France is in a state of full lockdown. If you want to go outdoors you have to carry a declaration form called Attestation De Déplacement Dérogatoire. The form entitles you to give a justifiable reason to the police why you are going out, and must meet the government’s strict criteria.
- You may go to work (essential and approved employees only).
- You may purchase essential goods (at approved outlets).
- You may seek medical care.
- You may visit family if they are in a vulnerable situation, like aiding elderly relatives or looking after family children.
- You may partake in exercise like jogging, cycling, etc., but no collective or team activities. And you may walk your dog.
Each time you go out, you have to fill in a new one of these forms and date it. I don’t need to carry and produce one for work as I have official papers stating I am soignant – health care worker. Citizens are subject to a police fine of 135 euros if you don’t produce your paper.
Talking of paper…
Buying toilet paper during a lockdown
Surely it wasn’t much to ask, but I needed a pack of toilet paper; just one pack of six would have done, hell, even a four pack, a twin-pack… but seeing as the French population has been panic-buying packs upon packs upon packs of the stuff, I knew my little detour to buy this simple yet essential necessity on my way to the boulangerie this morning would be like something akin to finding the lost city of Atlantis or the Holy Grail.
The first shop I called at. The shopkeeper glanced up at me from his till as I entered his shop, which was worryingly empty of customers apart from me. He rolled his eyes and went back to doing his crossword. One look at his aisles and at the almost completely bare shelves, was enough for me to realise he wasn’t going to have any toilet paper to sell to me. Au revoir.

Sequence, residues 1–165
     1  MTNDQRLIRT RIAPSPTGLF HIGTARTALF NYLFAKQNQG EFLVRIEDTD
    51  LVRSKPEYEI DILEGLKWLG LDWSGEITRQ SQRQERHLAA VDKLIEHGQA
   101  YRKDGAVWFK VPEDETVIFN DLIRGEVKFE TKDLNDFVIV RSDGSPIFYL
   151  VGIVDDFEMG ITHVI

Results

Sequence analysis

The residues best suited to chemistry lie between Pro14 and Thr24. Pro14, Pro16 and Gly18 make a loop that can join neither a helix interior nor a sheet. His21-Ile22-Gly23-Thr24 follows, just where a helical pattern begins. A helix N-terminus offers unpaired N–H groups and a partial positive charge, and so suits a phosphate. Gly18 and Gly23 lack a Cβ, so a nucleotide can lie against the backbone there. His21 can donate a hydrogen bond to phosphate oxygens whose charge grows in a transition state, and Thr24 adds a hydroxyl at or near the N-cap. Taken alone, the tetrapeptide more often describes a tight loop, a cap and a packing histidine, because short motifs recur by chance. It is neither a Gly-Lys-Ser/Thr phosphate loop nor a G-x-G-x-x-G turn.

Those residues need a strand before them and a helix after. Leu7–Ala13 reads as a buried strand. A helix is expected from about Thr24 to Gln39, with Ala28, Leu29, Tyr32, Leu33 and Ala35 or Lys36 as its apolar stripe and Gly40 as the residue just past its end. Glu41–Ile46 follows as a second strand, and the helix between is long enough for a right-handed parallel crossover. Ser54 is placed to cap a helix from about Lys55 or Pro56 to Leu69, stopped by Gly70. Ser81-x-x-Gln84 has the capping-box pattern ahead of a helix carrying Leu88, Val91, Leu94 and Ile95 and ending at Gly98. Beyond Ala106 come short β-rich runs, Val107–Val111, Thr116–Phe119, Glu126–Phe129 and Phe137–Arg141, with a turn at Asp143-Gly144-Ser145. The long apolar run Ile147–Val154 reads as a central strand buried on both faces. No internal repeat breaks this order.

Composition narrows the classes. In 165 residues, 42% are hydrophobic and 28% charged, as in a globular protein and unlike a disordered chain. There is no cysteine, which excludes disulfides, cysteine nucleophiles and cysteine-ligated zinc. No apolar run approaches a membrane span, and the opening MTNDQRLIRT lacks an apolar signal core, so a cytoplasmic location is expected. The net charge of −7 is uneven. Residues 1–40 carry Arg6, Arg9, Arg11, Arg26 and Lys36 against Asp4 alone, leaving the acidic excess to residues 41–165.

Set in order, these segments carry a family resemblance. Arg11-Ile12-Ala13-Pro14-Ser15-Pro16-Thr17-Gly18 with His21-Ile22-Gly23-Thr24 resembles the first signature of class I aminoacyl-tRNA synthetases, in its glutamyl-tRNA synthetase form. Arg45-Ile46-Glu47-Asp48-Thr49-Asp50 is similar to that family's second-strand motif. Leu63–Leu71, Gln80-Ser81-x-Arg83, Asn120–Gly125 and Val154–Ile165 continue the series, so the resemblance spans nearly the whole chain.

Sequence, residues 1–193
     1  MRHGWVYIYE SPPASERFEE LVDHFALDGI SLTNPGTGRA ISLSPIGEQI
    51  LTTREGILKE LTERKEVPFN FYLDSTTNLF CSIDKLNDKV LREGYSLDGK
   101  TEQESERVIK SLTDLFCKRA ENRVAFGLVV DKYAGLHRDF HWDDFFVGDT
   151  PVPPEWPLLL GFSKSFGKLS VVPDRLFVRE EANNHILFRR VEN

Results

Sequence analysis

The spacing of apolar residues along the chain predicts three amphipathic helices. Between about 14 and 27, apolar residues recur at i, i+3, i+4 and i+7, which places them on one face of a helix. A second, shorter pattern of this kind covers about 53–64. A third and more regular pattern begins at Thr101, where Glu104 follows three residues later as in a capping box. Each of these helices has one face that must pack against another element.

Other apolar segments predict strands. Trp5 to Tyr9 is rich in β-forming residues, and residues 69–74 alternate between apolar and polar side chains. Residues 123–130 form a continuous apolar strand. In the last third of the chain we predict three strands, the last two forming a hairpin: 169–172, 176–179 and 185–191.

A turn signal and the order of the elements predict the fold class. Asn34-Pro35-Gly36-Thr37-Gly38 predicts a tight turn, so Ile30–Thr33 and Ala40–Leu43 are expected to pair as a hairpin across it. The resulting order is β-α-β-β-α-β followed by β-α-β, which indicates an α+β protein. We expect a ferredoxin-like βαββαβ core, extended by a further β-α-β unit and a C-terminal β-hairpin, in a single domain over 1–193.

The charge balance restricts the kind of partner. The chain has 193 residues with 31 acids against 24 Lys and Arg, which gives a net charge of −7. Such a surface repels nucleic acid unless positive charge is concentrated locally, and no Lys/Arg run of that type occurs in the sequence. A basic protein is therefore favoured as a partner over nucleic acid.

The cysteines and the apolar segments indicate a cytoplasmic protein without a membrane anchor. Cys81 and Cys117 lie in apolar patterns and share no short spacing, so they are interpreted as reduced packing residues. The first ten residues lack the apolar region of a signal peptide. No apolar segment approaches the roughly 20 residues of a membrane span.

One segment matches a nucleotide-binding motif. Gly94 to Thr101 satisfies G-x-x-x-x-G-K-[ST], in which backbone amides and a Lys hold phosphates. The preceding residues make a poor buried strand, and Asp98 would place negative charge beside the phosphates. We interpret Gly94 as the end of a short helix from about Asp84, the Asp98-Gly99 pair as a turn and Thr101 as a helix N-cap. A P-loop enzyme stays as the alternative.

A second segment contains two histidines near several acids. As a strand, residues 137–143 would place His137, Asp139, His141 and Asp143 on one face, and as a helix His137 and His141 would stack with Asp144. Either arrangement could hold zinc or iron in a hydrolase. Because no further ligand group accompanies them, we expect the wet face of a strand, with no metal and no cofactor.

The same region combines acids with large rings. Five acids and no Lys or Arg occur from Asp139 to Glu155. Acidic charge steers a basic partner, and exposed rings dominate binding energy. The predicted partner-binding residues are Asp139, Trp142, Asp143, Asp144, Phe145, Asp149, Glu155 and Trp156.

The second shop I called at. I decided to be proactive. So in my best rubbish French I asked the shop keeper if she had any toilet paper. My response was a volley of oaths enough to make a pirate blush, and then she produced a baseball bat from under her counter and started waving it at me, ordering me to leave immediately. Luckily, Wooof was with me, who speaks much better French than I do, and as he hastily tried to explain to the irate shopkeeper that we only wanted loo roll, she pointed a stiff finger at a sign on her door, which read: NO DOGS. Blast. Double-whammied in less than a minute! After trying in vain to explain that he wasn’t a dog, but was in fact a talking, green cat, Wooof gave up. “Well, she was a bit grouchy to say the least,” I said to the cat outside the shop. It was then that Wooof informed me that the shopkeeper had misheard my bad French accent request for toilet paper as: “Madame, I am pleased to be infected today, may I please use your toilet?”
The third shop I called at. I was overjoyed to see a lady with a basket containing a loaf of bread, cheese, and a twin-pack of toilet roll. Cool! Next, I saw a man with a basket containing a twelve-pack of roll. Yay! Next, a lady with a pack of 24 under both arms. “Things are looking up,” I said to Wooof, as we headed to the aisle. On the way, we passed a man with a trolley completely stuffed with the product. Then another shopper, with two trolleys, towers of the damn things in all their bright packaging. “I’ve got a bad feeling about this,” said Wooof. We were just about to round the corner of the aisle when we saw another shopper, who had tied several baskets together to make a train – each one laden with loo roll, kitchen roll, boxes of tissue, even wet wipes for goodness sake! And of course, when Wooof and I arrived at the aisle for toilet paper… everything had gone!